The big question in the Kurdish-majority municipalities in the south-east of Turkey was whether the candidates for the leftist Peoples’ Democratic Party (HDP), which won the most votes in the local elections on 13 March 2019, would be acknowledged as the winners. Now that most of them have received their mazbata (official certificate) and assumed their positions as mayors, another story has emerged: the crippling public debts the mayors have discovered in their towns. In the background, another issue lingers: will the Kurdish mayors actually get the chance to fulfill their five-year terms?
Rage engulfed Turkey in late July 2018 when a woman and her 11-month-old son were killed, reportedly by a roadside bomb, after leaving an army base in the south-eastern province of Hakkari. The woman had paid a surprise visit to her husband, who worked as an officer at the base.
The deaths were blamed on the Kurdistan Workers’ Party (PKK). Two days later, the PKK issued a statement claiming that it never targets civilians, and the death of the mother and child was a ‘mistake’. Turkish rage, however, was not solely directed at the PKK, as Interior Minister Suleyman Soylu clearly expressed at the funeral of the two victims. He placed the larger blame on Europe and the United States (US) for being “supporters of terrorism”, as he put it.
Published on 16 August 2018. Continue reading on Fanack website.
Twenty three members of security forces have been killed by the PKK since 7 July, Anadolu Agency reported, and I’m sure this number will have increased by the time this column is published. Same goes for civilians who have lost their lives at the hands of the state, most recently three people in Silopi. And how many PKK fighters died? The army says some 390, KCK co-leader Bese Hozat, with whom I had an interview last week in Qandil, said that was just state propaganda, claiming nine of their guerrillas died. Hard to tell who’s right, but 390 seems an exaggeration when you consider the experience the PKK has in keeping themselves safe up there in the mountains for decades already.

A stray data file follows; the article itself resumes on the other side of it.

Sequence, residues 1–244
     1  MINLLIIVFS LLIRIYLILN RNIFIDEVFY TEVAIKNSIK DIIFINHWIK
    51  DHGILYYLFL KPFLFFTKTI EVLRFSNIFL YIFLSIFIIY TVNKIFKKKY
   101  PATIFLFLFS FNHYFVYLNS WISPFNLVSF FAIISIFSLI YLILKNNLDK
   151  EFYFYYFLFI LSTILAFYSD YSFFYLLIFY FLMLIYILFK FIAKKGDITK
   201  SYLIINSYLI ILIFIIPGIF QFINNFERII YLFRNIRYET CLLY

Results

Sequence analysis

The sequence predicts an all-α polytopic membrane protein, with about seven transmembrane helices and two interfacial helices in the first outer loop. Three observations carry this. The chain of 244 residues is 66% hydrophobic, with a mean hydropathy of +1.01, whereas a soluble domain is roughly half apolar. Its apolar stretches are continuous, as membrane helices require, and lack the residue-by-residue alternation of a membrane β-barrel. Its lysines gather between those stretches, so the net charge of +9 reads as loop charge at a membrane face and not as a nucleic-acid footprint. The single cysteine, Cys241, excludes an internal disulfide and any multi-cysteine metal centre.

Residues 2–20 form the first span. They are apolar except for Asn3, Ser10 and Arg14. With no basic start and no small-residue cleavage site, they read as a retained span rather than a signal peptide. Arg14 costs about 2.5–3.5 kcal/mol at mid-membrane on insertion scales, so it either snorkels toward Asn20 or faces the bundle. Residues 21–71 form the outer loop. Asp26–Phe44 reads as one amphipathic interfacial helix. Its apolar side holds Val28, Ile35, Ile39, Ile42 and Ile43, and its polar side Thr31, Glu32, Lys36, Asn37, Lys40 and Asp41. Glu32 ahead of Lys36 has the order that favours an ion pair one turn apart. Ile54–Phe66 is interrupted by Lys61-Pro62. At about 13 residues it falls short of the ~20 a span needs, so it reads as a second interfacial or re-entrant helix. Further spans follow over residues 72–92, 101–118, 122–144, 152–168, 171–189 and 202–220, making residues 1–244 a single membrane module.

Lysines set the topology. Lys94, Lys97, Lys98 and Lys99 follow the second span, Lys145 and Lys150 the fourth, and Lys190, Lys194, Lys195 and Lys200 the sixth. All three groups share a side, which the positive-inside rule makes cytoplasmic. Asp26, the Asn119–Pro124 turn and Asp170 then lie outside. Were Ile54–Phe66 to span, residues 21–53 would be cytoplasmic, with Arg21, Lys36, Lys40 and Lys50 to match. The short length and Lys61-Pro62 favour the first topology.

However high the numbers, the fact is that the violence is totally spiralling out of control and every day there are new families and new communities mourning the loss of a loved one. The grief over coffins is heartbreaking to see, whether the coffin is buried with a Turkish flag or with the Kurdish colours. I can only wholeheartedly join the call from HDP and CHP politicians and from academics and intellectuals to both sides to return to the negotiating table. Continue reading “No, the PKK doesn’t want the HDP to be pushed under the 10% threshold”
It’s a challenge for the HDP, I heard people say, that they attracted so many new voters. How to keep them on board in the longer run? Will they vote for the HDP again when there are new elections, be it in the short term or in 2019, when the next elections are scheduled to be held? What if the people who voted for the HDP only because they hate Erdogan won’t vote for HDP again because the 13% was so comfortably above the threshold that they think the party can do without their vote the next time? Continue reading “Don’t expect the HDP to change its vision to keep you on board”
‘We cannot do anything to stop them coming back’, Fayza Abdi, co-president of the Legislative Council of Kobani, tells me. We talk at a conference on the rebuilding of Kobani, after in January the YPG, YPJ, the peshmerga and US bombs kicked ISIS’ butt and chased them out of the canton. ‘We tell Kobani citizens who want to return home to wait, but what can we do if they don’t listen?’
The only thing the administration of Kobani can do is to plead with Turkey to open a customs gate at the border, so not only people, but also materials can pass through. But Turkey doesn’t listen to Kobani’s pleas. What this implies really disturbs me. Continue reading “Is Turkey trying to suffocate life in Kobani again?”